For something that lasts less than a couple of seconds, the volume of information written about the act of swinging a golf club can make your head spin.
There are many different theories that can be found across social media, the internet, television, and the written word.
But the beauty of the game of golf is that every golfer has something very specific to their own golf swing.
Whatever it may be, you’ll be pleased to know that even the very best players in the game have their own unique mannerisms or swing characteristics.
There is one interesting element of the swing that causes a debate about whether or not it is beneficial – should you employ a pause at the top of the backswing?
Let’s take the opportunity in this article to explore:
- The Benefits Of A Pause At The Top Of The Backswing
- Improving Swing Mechanics With A Pause At The Top Of The Backswing
- The Downside Of Pausing At The Top Of The Backswing
- Should You Pause At The Top Of The Backswing: Summary
Let’s get into it!
The Benefits of a Pause at the Top of the Backswing
One player who has demonstrated a very deliberate pause at the top of his backswing is Hideki Matsuyama.
Matsuyama is arguably Japan’s most successful male golfer – further enhanced by becoming the first Japanese male golfer to win a major claiming victory at the 2021 Masters.
So if a major champion is pausing, is it something we should be looking to emulate in our swings?
It should be noted at this point that Hideki Matsuyama isn’t the only star player who employs a pause at the top of his backswing.
Cameron Young who finished 2nd at the Open in 2022 and Will Zalatoris are two stars of the game who also have a pause at the top of their backswings.
So what would be the benefit of this?
The first thing to consider is what type of tempo you have in your golf swing.
- You can be very unhurried and smooth in your golf swing like a Fred Couples or Ernie Els.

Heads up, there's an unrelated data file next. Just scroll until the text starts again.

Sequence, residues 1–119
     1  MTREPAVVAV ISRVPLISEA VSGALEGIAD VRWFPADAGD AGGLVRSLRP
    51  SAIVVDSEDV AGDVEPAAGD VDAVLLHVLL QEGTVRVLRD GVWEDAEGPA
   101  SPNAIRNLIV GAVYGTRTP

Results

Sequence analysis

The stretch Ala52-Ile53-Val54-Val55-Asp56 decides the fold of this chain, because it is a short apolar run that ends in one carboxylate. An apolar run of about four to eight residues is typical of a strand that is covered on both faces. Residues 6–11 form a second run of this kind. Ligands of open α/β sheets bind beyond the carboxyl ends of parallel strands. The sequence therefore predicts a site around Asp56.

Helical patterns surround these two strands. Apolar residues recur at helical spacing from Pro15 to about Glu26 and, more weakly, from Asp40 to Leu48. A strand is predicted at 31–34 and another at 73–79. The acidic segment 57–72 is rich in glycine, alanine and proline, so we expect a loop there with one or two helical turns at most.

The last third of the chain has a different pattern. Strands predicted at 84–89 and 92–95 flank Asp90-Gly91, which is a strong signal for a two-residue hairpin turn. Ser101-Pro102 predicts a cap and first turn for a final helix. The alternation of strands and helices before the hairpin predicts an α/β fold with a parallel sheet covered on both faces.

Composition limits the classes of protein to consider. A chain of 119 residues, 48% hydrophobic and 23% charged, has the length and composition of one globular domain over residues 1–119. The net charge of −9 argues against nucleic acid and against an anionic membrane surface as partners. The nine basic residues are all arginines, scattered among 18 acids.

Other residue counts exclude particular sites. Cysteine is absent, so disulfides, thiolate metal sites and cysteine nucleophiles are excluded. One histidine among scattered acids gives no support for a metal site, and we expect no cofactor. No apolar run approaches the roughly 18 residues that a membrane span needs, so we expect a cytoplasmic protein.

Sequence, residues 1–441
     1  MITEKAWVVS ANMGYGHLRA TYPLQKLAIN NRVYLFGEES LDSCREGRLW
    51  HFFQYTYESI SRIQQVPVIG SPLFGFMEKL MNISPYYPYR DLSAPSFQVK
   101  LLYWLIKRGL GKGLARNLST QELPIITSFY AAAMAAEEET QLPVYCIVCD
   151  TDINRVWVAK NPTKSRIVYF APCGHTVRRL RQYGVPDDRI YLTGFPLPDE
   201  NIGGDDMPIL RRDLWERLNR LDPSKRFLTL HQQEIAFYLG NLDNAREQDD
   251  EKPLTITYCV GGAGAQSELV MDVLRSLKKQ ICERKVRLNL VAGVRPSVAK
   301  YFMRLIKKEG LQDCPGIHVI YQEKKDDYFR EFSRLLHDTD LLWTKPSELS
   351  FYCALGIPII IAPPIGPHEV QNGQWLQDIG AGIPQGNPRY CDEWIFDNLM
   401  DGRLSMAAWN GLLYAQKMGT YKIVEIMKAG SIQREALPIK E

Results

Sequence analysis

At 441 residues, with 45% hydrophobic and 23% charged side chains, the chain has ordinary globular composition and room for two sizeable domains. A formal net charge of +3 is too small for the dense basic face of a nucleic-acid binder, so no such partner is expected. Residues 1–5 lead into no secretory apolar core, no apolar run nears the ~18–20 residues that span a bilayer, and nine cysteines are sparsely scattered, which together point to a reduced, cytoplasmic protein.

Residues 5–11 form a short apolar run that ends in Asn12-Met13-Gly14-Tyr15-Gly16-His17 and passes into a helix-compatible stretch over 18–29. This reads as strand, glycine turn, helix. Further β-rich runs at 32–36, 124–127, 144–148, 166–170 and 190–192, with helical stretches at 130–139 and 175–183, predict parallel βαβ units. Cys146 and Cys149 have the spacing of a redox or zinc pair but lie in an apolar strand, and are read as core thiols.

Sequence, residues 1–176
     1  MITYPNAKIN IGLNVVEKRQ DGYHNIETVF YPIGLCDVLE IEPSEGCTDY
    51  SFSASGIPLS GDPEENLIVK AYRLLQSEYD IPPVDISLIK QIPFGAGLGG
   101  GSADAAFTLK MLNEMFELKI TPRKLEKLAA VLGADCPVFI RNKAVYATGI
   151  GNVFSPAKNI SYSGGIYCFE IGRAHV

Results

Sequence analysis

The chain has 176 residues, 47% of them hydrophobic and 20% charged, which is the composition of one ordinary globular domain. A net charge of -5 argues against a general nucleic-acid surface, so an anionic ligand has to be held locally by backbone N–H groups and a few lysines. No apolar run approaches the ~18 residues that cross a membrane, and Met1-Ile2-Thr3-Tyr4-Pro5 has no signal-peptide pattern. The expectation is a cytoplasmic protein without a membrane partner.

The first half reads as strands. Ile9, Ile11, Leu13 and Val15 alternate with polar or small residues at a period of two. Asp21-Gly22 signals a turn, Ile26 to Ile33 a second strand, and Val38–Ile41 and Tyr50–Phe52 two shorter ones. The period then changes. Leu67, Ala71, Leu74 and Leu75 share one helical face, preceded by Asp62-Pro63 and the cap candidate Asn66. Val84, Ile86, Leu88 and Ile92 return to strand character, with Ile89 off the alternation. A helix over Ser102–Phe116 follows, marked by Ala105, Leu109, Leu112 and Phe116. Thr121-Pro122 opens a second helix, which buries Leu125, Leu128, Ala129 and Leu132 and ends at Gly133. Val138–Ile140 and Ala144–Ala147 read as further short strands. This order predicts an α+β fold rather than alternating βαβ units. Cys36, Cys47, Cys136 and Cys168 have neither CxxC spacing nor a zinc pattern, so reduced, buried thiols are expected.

- You can have a quick tempo and a short swing like current world number 1 Jon Rahm.
The players with a smoother tempo could find it easier to incorporate a pause at the top of the backswing which leads to the advantages of a pause:
- Smoother transition from backswing to downswing
- Proper sequencing of the downswing
smoother Transition From Backswing To Downswing
It sounds a little counterintuitive, but the smoother you can start your downswing, the easier it is to build up and deliver power at the most important point – impact.
You can see this, especially with players like Zalatoris and Young, who hit the golf ball serious distances whilst pausing at the top of their backswings.
This leads to the second advantage that can be obtained from building a pause into the backswing.
Proper Sequencing Of The Downswing
If a player’s tempo goes, they can struggle to hit the ball consistently well and with any degree of accuracy.
These problems can stem from being rushed in the transition phase from backswing to downswing and getting the sequence out of sync.
Building that little pause at the top of the backswing can be a trigger to an effective downswing.
The downswing starts with your weight moving back onto the lead foot.
The sequence continues with the hips unwinding leading to the chest and shoulders rotating back towards the ball and onto the target after impact.
Allowing your body to unwind in the proper sequence will do wonders for:
- The consistency of your ball striking
There aren’t many golfers out there who don’t strive to improve any of these areas in their golf games.
If pausing at the top of the backswing feels like a difficult thing to do you can look to build a pause into improving your swing mechanics on the practice ground.
Improving swing mechanics with a pause at the top of the backswing
One of the most effective ways to learn better positions in the backswing is to pause at certain points in the swing to check where the club is.
If you watch top tour pros on the practice ground, you will see many of them stopping at certain “checkpoints” in their swings as they build up the feeling of what they are looking to achieve.
Some players even take this into their pre-shot routines when they are in competition – Justin Thomas and Rickie Fowler are great examples where check the club head position in their takeaways.
David Leadbetter, who coached Nick Faldo to his 6 major triumphs, worked on paused positions in the swing to make sure that Faldo had the club in the optimal positions.